A simple soldiers life was satisfactory for they actually did not fight a lot. The Sultan could never be sure of the loyalty of the various tribes and so, each year his entire court, with all its officials, moved from one locality to the other. There they were fed and honored by the local people. As the Sultan included much of his army during these “visits,” the life of a soldier was comfortable.
There were the usual camp followers, the butchers, the bakers those who took care of horses and saddles in this massive tented camp which was set up in concentric circles. It was a city under cloth. My grandfather was not among the poorest soldiers. He had a mule which he road, a mule for his belongings, a cook and servant and slept in a tent. He received his pay from the Sultan’s officers and “helped himself” as the progress of the Sultan moved across the land.
He once told me, “Hassan, it was like a different world. We rose at three in the morning and established long lines across the plains or in the hills and mountains. There were musicians who played near the Sultan and there were black slaves who rode and walked near him with white scarves to chase away the flies. I suspect there were more people in this entourage than there are pilgrims each year at Mecca. The only thing that conjures it up were those American films that the French brought to the cinemas here in the 1930s which were based on the history of the ancient Greeks and Romans who lived in the time of ignorance before Islam. “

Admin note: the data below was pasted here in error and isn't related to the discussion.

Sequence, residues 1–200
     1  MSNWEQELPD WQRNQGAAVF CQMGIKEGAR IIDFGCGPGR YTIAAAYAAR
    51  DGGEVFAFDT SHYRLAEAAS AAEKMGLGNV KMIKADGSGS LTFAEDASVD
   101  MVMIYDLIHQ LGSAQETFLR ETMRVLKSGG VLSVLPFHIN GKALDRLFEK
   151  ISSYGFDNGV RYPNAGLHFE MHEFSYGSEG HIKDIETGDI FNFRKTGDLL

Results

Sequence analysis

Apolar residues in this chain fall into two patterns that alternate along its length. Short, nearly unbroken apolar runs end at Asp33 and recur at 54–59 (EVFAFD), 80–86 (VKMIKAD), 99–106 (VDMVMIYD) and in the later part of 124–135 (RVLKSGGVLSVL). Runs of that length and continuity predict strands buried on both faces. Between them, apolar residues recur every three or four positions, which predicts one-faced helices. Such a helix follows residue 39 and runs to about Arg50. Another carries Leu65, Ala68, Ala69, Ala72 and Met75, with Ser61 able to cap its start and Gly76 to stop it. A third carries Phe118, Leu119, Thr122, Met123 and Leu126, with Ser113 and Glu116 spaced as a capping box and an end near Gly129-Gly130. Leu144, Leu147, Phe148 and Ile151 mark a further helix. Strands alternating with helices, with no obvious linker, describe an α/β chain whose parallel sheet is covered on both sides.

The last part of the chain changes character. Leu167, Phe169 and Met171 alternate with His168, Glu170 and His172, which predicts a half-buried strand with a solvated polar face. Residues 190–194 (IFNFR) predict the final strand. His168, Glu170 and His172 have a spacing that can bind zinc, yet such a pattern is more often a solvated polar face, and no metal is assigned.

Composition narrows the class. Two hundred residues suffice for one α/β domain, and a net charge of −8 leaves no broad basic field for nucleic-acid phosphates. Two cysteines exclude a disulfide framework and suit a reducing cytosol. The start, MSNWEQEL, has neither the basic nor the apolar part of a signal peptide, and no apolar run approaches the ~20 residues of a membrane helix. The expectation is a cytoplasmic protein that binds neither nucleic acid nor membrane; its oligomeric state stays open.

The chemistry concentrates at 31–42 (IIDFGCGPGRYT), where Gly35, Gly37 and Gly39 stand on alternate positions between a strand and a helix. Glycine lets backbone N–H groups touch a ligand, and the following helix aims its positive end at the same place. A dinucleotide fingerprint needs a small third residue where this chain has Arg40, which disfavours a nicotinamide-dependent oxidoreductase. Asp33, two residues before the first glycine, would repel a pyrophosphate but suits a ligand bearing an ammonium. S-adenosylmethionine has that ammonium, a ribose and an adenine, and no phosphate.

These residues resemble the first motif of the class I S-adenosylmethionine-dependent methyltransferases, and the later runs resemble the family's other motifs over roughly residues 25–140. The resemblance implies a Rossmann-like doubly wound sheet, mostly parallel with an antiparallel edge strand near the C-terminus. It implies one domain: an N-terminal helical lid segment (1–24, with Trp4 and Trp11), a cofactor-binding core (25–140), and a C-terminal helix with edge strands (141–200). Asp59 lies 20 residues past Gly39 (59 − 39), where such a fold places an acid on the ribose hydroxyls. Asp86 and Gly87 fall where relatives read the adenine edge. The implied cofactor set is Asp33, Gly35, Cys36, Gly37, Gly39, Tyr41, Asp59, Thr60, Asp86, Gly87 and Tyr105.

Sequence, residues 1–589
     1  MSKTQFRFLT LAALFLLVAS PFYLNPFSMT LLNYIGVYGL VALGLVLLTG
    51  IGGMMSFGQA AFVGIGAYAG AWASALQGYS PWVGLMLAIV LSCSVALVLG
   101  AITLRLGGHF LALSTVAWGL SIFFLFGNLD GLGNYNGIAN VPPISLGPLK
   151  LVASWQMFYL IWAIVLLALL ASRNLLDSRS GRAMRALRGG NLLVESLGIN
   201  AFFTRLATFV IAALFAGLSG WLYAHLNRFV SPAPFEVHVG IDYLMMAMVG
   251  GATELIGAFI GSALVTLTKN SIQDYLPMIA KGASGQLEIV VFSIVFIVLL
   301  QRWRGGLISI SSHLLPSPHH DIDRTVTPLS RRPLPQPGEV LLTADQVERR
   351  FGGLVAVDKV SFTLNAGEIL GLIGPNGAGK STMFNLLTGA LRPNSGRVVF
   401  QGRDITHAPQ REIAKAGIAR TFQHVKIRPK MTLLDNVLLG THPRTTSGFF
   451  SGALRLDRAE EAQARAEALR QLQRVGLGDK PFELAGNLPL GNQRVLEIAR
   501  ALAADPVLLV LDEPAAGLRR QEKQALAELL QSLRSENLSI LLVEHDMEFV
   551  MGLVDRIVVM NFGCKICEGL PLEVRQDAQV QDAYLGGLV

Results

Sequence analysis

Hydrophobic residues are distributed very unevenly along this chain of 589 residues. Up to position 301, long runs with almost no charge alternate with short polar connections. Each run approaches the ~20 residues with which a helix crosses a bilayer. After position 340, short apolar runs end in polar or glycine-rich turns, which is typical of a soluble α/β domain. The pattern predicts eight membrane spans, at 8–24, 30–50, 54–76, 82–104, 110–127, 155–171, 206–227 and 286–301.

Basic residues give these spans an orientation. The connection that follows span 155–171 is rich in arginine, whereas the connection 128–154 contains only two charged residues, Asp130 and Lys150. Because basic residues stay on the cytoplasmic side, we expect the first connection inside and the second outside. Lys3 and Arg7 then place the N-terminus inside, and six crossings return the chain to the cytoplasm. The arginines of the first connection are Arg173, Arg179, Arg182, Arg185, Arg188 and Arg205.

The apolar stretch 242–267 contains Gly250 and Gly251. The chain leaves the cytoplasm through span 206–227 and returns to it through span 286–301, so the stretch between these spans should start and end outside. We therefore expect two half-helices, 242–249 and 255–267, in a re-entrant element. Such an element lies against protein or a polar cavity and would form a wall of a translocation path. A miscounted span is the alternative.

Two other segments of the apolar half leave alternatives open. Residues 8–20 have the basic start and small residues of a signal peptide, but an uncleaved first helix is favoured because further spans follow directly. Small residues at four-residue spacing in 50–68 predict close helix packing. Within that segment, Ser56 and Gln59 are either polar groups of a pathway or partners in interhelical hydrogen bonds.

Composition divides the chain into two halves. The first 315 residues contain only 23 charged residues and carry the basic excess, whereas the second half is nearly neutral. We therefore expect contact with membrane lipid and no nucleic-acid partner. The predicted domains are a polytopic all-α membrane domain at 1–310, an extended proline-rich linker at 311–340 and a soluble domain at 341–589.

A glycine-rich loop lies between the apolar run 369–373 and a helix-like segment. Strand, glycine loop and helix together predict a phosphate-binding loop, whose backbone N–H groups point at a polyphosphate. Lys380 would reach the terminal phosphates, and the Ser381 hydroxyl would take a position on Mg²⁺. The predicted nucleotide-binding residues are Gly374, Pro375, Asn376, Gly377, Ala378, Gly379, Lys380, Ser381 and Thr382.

During the last days of the reign of Abdel Aziz a pretender rose up in revolt who through forgery and witchcraft claimed he was the Sultan’s elder brother. As the people were unhappy with the Sultan and blamed the meager harvests on the fact that the Sultan was concerting with “infidels,” the country went into a widespread revolt under this pretender named Bou Hamara.
Once they came upon the camp of Bou Hamara. He was situated on the ridge of a valley on the other side of one of the foothills of the Atlas The Sultan ordered his soldiers down the ridge, across the stream and up the other side of the valley hoping to surprise Bou Hamara’s soldiers.
The first group soon discovered an empty village filled with sacks of grain. They put down their guns, stripped off their clothes, put the grain on their backs and retreated. The Sultan ordered the soldiers near him to fire on them. They killed one or two but when the soldiers returned laden with grain they were greeted as heroes. The Sultan sent a second group of soldiers that included my grandfather who was called Akram.
His soldiers did the same thing, but Bou Hamara’s forces came closer and started shooting at them. Two of his comrades were mortally wounded. It was the custom of Bou Hamara to mutilate and burn the bodies of the wounded and the dead so that they would not go to heaven and so, among our men it became common to bury alive wounded soldiers. One comrade of my grandfather asked to be buried alive. He said, “I am already dead and want to reach Paradise. Bury me now” and he did so.
Expecting the other soldier to do the same he was shocked and surprised when he said, “I am wounded not dead. Put down your grain and carry me back and I will live. Akram was caught in a dilemma for he had not eaten a proper meal in some time. As the bullets continued to fly he stopped to dig a quick shallow hole, threw in the soldier and as he piled on the dirt and stones said to him, “You are dead, you just do not know it yet.”